He came from the oldest rugby club in Australia to the youngest in 2014 and new Rebels CEO Baden Stephenson has a clear vision he believes will take the club into the future.
With just one win and a draw in the season so far, the former Sydney University general manager Stephenson admitted there would be change, soon, both in its playing roster and behind the scenes.
“We’ll be going through a very thorough review process and I think it would be fair to say there will be some changes in personnel,” he said.
“One, from a list perspective but also potentially from a staff perspective as well. We need to make some changes about how we run our rugby program.”
From a playing perspective, it seems flanker Sean McMahon is on the verge of an overseas departure, while Japanese club Honda Heat announced Jack Debreczeni would be joining them in the second-tier Japanese Challenge League, though that doesn’t necessarily spell the end of his Rebels time.
Changes won’t be easy for Stephenson, a man who has been so intimately linked in the club’s rugby program, but he is ready to take a step back and absorb the big picture.
“It’s a really good opportunity to take more of a helicopter view and actually make some clear decisions,” he said.
“We haven’t had a CEO for the last 18 months so to have someone that is here, running the club on a day-to-day basis will be a positive step and hopefully that can ensure the lines of communication and decision-making and what we’re doing is pretty clear for everyone in the organisation.”
Stephenson is confident the Rebels will be around next signing, the club the first to announce a 2018 signing after the ARU lifted its contracting moratorium last week, and following it up with the CEO appointment.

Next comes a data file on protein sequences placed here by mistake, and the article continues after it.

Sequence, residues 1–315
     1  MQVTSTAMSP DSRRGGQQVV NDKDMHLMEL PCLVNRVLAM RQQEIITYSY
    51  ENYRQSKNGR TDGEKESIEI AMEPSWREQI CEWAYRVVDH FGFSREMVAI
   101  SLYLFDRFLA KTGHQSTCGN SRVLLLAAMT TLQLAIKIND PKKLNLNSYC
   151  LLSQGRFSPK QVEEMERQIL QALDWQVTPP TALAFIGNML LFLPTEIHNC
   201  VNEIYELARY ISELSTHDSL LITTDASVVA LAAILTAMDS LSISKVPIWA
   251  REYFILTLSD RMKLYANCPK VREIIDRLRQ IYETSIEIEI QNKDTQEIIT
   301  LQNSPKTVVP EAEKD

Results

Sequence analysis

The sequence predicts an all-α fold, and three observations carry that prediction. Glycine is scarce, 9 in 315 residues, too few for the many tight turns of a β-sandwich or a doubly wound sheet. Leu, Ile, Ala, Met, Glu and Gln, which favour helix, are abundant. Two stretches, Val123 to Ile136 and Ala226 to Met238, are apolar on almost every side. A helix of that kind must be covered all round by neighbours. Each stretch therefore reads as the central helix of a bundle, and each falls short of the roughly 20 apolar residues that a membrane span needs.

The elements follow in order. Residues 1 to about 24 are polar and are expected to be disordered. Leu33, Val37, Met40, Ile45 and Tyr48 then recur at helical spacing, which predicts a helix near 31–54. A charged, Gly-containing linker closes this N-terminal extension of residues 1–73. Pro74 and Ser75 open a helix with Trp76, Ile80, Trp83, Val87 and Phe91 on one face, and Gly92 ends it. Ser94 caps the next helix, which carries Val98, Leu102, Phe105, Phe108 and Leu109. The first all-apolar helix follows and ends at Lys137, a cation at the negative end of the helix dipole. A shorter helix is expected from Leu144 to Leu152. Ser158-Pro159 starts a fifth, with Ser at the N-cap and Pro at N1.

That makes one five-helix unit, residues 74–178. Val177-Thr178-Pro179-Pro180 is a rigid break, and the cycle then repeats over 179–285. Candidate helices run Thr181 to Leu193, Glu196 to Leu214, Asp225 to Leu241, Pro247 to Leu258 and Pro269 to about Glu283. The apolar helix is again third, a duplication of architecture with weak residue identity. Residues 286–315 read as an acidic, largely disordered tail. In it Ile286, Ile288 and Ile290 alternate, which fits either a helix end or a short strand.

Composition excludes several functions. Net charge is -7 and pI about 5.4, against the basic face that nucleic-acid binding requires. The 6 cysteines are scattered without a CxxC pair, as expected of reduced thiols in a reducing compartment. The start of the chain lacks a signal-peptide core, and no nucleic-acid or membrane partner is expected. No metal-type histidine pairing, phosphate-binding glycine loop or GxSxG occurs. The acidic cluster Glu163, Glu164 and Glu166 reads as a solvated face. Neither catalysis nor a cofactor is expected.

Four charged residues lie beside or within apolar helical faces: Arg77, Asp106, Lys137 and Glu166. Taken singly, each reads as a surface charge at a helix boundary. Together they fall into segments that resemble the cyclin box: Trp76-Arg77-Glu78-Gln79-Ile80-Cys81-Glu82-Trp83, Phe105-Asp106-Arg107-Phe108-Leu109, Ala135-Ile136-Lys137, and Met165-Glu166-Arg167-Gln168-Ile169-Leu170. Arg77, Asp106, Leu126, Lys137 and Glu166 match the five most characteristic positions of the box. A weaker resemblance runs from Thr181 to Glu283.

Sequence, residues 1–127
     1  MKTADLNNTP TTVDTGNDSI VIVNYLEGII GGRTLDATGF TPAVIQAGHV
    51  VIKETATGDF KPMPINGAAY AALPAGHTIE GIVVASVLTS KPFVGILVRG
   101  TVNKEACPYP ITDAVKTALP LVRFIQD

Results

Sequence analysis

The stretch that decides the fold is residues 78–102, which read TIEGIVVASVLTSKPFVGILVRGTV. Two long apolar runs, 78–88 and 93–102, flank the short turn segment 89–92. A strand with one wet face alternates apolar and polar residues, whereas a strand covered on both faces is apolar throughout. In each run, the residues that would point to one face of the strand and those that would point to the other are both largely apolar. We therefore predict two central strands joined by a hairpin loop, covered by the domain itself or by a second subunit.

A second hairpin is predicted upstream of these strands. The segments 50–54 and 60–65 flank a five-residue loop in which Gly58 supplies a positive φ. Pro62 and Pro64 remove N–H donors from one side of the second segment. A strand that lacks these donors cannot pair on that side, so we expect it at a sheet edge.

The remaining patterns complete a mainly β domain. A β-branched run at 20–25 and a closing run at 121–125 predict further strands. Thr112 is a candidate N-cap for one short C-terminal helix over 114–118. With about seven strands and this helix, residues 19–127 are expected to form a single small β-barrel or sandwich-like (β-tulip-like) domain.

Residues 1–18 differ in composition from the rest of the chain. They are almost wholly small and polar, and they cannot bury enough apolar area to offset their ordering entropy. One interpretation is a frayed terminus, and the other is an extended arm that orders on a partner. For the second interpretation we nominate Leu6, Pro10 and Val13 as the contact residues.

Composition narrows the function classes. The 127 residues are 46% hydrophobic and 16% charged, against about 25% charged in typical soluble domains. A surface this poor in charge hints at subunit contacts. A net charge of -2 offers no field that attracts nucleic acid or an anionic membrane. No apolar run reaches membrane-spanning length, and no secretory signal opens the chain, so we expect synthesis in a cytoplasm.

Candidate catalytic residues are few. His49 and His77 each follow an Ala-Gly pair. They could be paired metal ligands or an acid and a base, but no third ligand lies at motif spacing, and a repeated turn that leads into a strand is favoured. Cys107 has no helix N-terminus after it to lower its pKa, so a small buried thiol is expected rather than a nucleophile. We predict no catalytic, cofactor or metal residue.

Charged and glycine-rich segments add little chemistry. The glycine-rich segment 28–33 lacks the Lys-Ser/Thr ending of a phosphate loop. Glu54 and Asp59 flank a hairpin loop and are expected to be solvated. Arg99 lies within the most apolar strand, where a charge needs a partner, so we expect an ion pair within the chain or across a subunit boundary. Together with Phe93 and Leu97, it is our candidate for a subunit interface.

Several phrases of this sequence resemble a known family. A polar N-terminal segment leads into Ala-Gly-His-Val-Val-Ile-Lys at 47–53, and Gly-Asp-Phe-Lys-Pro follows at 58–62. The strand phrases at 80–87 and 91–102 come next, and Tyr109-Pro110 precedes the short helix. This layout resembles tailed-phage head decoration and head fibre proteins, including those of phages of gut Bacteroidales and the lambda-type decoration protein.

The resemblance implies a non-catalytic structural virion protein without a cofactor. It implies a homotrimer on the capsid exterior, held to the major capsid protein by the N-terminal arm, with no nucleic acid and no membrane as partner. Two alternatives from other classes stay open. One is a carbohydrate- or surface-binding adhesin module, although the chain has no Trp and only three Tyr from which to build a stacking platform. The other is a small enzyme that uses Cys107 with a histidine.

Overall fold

The Rebels in many ways have been losing an emotional battle against the Western Force as the two franchises have faced uncertainty, but Stephenson said that didn’t change the Rebels’ talent outlook.
“We haven’t possibly managed our messaging as well as what the Force and full credit to them but you look at all parts of our rugby program, our representative pathways from schoolboys to U20s to our Rebels development squads to our Melbourne Rising we’ve been extremely consistent and ultimately punching above our weight well and truly at the representative level,” he said.
“When I started we only had one Wallaby which was Scott Higginbotham so I think the fact we had eight guys away on the UK tour last year was fantastic.”
At the other end of the scale, Stephenson wants to bring the community closer to the club, a connection that has in some ways been neglected in recent times, starting with a staff blitz next week.
“I want to work on the community engagement and really re-engage with the Victorian rugby public at all levels, making sure that the Rebels are their team and we’re connected to them, that’s really important.
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“We’ve possibly dropped the ball a little bit in that space.
“One of the initiatives on the 14th of June, every person in the organisation, myself included will be out of the office and engaging with clubs and schools on next Tuesday afternoon from 3-8. spread across Melbourne.
“I think they’re the types of things that we need to show our community rugby and stakeholders that we want to engage, we’re interested, we want to help, we want to develop and we want to be all working towards a strong and sustainable rugby environment down here in Melbourne.”